Checking for Shorts when DCC Fitting A Wrenn Locomotive

The Wrenn Locomotives, despite being much older than most things you can get today, are still great locos and normally great performers.  They are not easy to convert to DCC but it can be done and I’ve previously written about the 3D printed sleeves I produce to allow you to do this.  But I sometimes get questions from customers who’ve done the conversions themselves, with my sleeves, and the loco runs very poorly even though it ran well on DC.  In this week’s post, I’ll show you what the most common reason for this is.

Coincidently this week I’ve had two Wrenn locomotives in for DCC fitting so I can use them to point out the issue.  The two locos, as you can see below, are a former LMS Duchess 4-6-2 and GWR Castle 4-6-0.

As well as being very different models visually they are different mechanically as well; the Duchess chassis at the back has a vertical motor and I covered the DCC installation procedure for this here.  The Castle has the horizontal motor and that was covered here.

Before I go any further I should point out one other issue which can cause problems with DCC fitting these locomotives and that is the current draw.  Sometimes older motors, and worn-out motors, can draw lots more current than intended and the DCC decoder can’t handle it.  To find out what the amperage draw is for a locomotive a stall test should be done.  You can read how to do this here.  Both of these locomotives had a stall current of less than 1 amp, so they are ideal for DCC fitting.

So what is the main cause of problems with these?  Starting with the Duchess below you can see I’ve cut off the wires as per the DCC install instructions.  Both motor brushers are still fitted and you can see them touching the collector on the armature.  The left brush holder, which is at the front of the locomotive, is isolated from the chassis, and the right, or rear one, is not.  The problem is often that the left/front brush isn’t totally isolated.  The brush still fits inside a brass sleeve which is wrapped in a rubbery paper-type material to create the isolation.  Over time, remember I said these were old, this material breaks down.  It’s possible heat from excessive running has affected it as well.  The material hasn’t totally disappeared and it’s not a dead short, otherwise the loco wouldn’t run at all, but a very tiny intermittent electrical short happens between the brass sleeve and the chassis.  Running the locomotive on DC doesn’t really affect it too much.  Although it’s not good for the controller, the tiny short will affect the running, but the controller is able to push more amps through the motor to compensate. But under DCC, the decoders are much more sensitive to shorts and are not capable of delivering as many amps.  The result is the locomotive runs very slowly or has no pulling power.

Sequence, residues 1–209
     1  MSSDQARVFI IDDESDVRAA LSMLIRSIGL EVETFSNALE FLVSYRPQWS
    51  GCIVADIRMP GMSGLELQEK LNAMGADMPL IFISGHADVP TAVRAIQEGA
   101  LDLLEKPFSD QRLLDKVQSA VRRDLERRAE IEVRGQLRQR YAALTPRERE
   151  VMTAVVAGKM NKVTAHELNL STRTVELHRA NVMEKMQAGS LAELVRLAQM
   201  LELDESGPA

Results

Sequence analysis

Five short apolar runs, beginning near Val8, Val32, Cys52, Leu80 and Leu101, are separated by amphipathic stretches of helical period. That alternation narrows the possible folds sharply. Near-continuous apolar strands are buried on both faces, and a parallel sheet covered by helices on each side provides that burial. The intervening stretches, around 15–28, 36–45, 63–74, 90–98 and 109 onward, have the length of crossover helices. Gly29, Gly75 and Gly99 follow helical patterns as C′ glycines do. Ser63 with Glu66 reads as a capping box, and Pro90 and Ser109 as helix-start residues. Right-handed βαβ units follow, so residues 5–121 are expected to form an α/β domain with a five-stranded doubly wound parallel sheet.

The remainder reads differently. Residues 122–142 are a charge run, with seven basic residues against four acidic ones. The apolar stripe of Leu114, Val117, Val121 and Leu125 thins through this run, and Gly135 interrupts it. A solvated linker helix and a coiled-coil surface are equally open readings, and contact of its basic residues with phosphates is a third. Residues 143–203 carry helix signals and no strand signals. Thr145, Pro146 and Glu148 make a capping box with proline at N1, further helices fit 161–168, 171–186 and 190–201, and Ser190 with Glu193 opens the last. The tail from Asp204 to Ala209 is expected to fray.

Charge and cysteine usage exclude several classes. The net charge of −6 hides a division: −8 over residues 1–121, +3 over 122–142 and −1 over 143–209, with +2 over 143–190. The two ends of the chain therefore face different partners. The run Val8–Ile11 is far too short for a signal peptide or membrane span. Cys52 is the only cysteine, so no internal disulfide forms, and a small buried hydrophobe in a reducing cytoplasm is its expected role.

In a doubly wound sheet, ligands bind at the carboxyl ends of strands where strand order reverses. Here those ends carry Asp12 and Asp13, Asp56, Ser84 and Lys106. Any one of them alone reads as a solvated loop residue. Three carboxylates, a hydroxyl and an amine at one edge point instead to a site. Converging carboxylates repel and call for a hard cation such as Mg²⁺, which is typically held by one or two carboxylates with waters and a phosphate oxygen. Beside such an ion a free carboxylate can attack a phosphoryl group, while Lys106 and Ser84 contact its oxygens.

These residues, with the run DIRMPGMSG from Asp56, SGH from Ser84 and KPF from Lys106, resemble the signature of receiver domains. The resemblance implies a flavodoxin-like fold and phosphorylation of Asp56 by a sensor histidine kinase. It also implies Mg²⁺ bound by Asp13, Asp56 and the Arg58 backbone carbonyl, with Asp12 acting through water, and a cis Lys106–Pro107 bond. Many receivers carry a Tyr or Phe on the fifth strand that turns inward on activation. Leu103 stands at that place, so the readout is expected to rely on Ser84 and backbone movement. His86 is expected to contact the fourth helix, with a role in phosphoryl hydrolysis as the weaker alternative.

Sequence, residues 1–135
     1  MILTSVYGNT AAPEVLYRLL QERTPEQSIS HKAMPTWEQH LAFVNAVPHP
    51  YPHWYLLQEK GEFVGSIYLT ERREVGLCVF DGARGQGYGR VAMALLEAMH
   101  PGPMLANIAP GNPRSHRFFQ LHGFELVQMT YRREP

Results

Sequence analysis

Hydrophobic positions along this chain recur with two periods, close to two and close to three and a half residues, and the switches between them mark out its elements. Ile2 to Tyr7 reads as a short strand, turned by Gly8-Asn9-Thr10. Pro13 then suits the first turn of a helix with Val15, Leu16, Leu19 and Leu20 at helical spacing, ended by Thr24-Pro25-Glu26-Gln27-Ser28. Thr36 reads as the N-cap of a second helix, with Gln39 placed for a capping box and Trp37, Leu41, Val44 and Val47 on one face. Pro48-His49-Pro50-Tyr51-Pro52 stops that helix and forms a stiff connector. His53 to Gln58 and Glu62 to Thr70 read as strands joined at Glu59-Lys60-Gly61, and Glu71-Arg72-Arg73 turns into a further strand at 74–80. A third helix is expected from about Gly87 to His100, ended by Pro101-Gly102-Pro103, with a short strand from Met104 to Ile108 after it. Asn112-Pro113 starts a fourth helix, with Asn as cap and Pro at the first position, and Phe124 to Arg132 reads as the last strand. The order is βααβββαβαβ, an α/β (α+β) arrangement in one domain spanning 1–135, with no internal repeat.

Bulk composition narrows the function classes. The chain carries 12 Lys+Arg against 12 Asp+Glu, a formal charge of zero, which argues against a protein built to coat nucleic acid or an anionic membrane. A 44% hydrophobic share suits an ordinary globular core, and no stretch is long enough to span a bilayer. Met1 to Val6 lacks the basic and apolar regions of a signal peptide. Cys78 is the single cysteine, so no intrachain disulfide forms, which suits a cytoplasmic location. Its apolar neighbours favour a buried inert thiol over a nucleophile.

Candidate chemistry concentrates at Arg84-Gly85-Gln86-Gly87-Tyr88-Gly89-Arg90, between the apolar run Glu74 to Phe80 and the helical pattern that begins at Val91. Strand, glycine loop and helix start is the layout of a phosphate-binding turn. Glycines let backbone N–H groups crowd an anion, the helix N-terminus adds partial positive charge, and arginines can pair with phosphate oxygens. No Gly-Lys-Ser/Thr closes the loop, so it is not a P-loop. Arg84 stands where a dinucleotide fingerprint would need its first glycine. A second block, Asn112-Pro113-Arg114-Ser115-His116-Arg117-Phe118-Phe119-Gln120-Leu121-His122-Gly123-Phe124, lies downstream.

To check to see if this is going to be a problem remove the brush cap, spring, and brush from the left/front sleeve and inspect the insulation.

If it appears to be okay, basically not falling out, an electrical test with a multimeter can be done.  A continuity test, setting the multimeter to the symbol shown below, will check to see if there’s an electrical connection between the meter probes.

With the brush removed and the brush cap replaced, check to see if there’s anything between the two brushes.  This doesn’t work with both of the brushes fitted, as there’s a connection through the motor.  If, when performing the test, the multimeter gives the slightest suggestion that there’s a tiny connection there, it will cause a problem.

The solution for this is to remove the brass sleeve and isolating material and fit a 3D printed sleeve to the left/front as well as to the right/rear.  As the new sleeves are plastic you are guaranteed to have no short.  The customer’s Duchess above is actually in very good condition and is perfect with no sign of a short, so I won’t change the front sleeve, but once the decoder is fitted, if there’s an issue it will be changed.

The Castle with the horizontal motor can suffer from the same thing although it’s not so common. Both motor brush holders are at the back on either side of the motor.  Again I’ve cut the existing wires off but left the heavy gauge wire on the right, which runs from the connecting point to the brass sleeve on the right.  This is because it’s a better connection than relying on the spring to deliver the power.  The right-hand sleeve has the isolating material.